Long story short, it did what the market wanted. It didn't lower interest rates, but indicated that it expects it will have to at least twice this year.
Overall, it kept the market happy. It kept investors believing that the central bank "put" is firmly in place.
But the pressure is still on Fed boss Jerome Powell. Donald Trump is turning up the heat by directing his complaints away from the US central bank and onto others.
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Currency wars now mean war
Your currency gets weaker, so your products get cheaper relative to those of other countries, and so you benefit at the expense of other nations around the world. It was viewed as a modern-day version of tariffs a repeat of the protectionist spiral we saw after the Great Depression.
However, by and large, the currency "wars" didn't really get nasty. In reality, it ended up being more like a game of "pass the hot potato". There was a sense of coordination and cooperation among the world's central banks.
A good example is when Japan pretty much explicitly made a weaker yen part of its economic recovery plan just after Shinzo Abe was elected in 2012.
On the one hand, it's not really the done thing. On the other hand, Japan did have an extraordinarily strong currency at the time, and it was also viewed as a good thing to have the world's third-largest economy actually contributing to global growth if possible. So everyone let it slide.
Or take the eurozone crisis. Everybody knew that European Central Bank (ECB) boss Mario Draghi had only one policy lever open to him that the Germans couldn't block out of hand. That was to talk the euro down aggressively, offering a morsel of relief to the likes of Italy and Greece until he had managed to win the "hard euro" contingent round.
In short, there was an implicit tolerance of the policy. Everyone agreed to pretend that it wasn't happening, and in return, no single country took the mickey too badly.
As you may have noticed however, we're no longer in the mood for co-operation and co-ordination. And the mood from the US is that any act by a foreign power to make itself more competitive is an act of trade aggression against the US.
Whatever else you want to say about Donald Trump, he understands that a weaker US dollar is good for the stockmarket, and a stronger one is bad for it. He also understands that a rising stockmarket is good for his electoral chances.
That's why he went off on one on Twitter earlier this week when Draghi made it very clear at an ECB shindig in Portugal that, in effect, he's ready to keep doing "whatever it takes" right up until his retirement date later this year. That sent markets higher.
However, Trump's response on Twitter was this: "Mario Draghi just announced more stimulus could come, which immediately dropped the euro against the dollar, making it unfairly easy for them to compete against the USA. They have been getting away with this for years, along with China and others."
So there you go. No more "nudge and a wink" currency wars mean war.
I suspect Powell will give Trump what he wants
He now seems to have decided that if Powell won't give him what he wants, then maybe threatening the other competitors in the race to the bottom will work instead.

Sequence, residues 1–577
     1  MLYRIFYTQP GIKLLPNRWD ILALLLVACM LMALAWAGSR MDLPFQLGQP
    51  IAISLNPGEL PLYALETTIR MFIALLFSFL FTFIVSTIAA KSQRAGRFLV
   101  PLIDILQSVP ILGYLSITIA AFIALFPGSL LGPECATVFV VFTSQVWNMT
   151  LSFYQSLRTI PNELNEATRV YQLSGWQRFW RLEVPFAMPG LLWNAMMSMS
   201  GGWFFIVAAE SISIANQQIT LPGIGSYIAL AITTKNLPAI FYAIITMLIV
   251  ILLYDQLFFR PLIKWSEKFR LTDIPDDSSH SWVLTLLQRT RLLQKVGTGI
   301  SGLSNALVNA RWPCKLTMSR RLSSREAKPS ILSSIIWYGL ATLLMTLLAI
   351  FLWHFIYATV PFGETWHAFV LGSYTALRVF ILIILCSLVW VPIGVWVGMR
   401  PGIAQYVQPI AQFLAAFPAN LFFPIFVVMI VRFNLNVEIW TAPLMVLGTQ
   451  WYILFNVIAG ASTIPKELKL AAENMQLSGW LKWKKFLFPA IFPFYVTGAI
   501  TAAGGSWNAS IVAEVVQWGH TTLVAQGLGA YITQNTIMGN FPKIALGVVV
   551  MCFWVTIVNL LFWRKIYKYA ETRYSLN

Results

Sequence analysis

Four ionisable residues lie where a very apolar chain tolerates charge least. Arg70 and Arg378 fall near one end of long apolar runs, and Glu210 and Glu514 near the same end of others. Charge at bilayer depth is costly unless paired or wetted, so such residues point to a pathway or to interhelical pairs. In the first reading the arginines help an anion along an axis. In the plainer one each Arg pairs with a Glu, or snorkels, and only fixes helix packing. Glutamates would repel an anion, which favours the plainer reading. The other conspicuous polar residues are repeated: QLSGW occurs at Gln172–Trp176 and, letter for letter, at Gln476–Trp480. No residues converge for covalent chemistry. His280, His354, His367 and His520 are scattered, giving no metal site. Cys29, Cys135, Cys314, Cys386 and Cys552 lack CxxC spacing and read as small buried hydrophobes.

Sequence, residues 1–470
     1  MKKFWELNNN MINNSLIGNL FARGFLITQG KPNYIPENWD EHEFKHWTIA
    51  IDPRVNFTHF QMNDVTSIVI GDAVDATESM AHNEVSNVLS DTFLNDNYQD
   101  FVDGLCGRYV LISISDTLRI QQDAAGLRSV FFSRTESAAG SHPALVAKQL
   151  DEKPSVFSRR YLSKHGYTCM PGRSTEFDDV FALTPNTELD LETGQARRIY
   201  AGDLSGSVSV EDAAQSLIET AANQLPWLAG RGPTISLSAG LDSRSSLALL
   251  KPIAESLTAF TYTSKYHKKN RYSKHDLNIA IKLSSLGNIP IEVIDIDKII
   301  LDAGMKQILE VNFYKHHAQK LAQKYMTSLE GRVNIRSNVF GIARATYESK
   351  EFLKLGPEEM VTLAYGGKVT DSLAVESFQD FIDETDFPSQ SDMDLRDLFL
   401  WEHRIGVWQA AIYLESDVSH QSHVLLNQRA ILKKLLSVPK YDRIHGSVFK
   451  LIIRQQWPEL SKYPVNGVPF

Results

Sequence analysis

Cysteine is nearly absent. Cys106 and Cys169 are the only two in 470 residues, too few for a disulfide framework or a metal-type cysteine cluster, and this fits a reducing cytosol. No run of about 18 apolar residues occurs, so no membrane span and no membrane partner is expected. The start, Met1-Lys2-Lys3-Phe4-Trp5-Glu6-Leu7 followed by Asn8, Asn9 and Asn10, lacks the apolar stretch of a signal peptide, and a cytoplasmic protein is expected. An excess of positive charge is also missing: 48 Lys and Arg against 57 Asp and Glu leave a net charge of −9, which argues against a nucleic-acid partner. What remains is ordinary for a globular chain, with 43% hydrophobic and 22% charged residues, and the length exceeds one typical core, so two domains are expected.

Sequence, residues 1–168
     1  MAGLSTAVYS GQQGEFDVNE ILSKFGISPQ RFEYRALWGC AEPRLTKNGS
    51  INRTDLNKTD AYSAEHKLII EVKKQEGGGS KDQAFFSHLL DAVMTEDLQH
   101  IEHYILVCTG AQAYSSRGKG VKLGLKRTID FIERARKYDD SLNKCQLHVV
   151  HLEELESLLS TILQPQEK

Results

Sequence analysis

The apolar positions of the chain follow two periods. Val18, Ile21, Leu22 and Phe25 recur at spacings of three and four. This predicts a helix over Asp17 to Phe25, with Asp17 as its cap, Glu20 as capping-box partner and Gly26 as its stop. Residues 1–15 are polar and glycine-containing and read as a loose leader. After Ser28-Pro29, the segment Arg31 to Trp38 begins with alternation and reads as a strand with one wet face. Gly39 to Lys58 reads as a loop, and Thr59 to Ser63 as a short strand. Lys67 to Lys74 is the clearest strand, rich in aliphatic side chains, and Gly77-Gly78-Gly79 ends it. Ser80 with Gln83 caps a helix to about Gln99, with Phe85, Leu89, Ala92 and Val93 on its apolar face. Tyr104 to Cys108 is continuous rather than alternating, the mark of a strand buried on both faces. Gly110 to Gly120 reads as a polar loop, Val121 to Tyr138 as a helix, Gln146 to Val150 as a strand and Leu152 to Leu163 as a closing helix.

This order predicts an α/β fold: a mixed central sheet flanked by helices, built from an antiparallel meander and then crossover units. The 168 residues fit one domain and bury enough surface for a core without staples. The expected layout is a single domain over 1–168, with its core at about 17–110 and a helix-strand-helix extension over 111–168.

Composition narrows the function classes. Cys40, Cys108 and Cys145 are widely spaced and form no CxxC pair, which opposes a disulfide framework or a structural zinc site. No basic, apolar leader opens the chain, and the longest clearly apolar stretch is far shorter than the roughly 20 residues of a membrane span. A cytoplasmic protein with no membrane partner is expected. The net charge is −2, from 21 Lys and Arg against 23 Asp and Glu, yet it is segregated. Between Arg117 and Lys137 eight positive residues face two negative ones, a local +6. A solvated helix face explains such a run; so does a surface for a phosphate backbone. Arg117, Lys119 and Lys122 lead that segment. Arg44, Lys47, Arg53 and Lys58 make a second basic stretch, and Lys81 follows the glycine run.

Arguably the path of least resistance here is for Powell to accept that weakening the US dollar is now his priority. Otherwise, Trump will go ahead and start talking about imposing tariffs on the likes of Germany and the rest.
And despite Draghi's best efforts, I do wonder how much more he can do. Who will take over from him later this year? Will they be as good at bluffing and playing a tricky hand as Draghi has been? Particularly as the political backdrop they are inheriting is even tougher than the one he was working with?
When in doubt, I like to ask: "What is the biggest sucker punch the market could throw in the faces of investors right now?" There isn't always an obvious answer to that question, because the market is not always positioned at an extreme. There isn't always an obvious contrarian trade at the "big picture" level of the market.
However, right now, there is no doubt in my mind about the answer to that question. The one thing that would really is: "higher-than-expected inflation".
The first step towards that is a much weaker dollar. Until the dollar turns that corner, I can see why the market is still investing so heavily in the deflation scare. But when the psychology turns, it's going to hurt a lot of investors.
We'll be tackling this topic along with many others at the MoneyWeek Wealth Summit in November this year. If you haven't already signed up to be the first to know when the tickets go on sale, get your name down here.
John is the executive editor of MoneyWeek and writes our daily investment email, Money Morning. John graduated from Strathclyde University with a degree in psychology in 1996 and has always been fascinated by the gap between the way the market works in theory and the way it works in practice, and by how our deep-rooted instincts work against our best interests as investors.
He started out in journalism by writing articles about the specific business challenges facing family firms. In 2003, he took a job on the finance desk of Teletext, where he spent two years covering the markets and breaking financial news. John joined MoneyWeek in 2005.
His work has been published in Families in Business, Shares magazine, Spear's Magazine, The Sunday Times, and The Spectator among others. He has also appeared as an expert commentator on BBC Radio 4's Today programme, BBC Radio Scotland, Newsnight, Daily Politics and Bloomberg. His first book, on contrarian investing, The Sceptical Investor, was released in March 2019. You can follow John on Twitter at @john_stepek.
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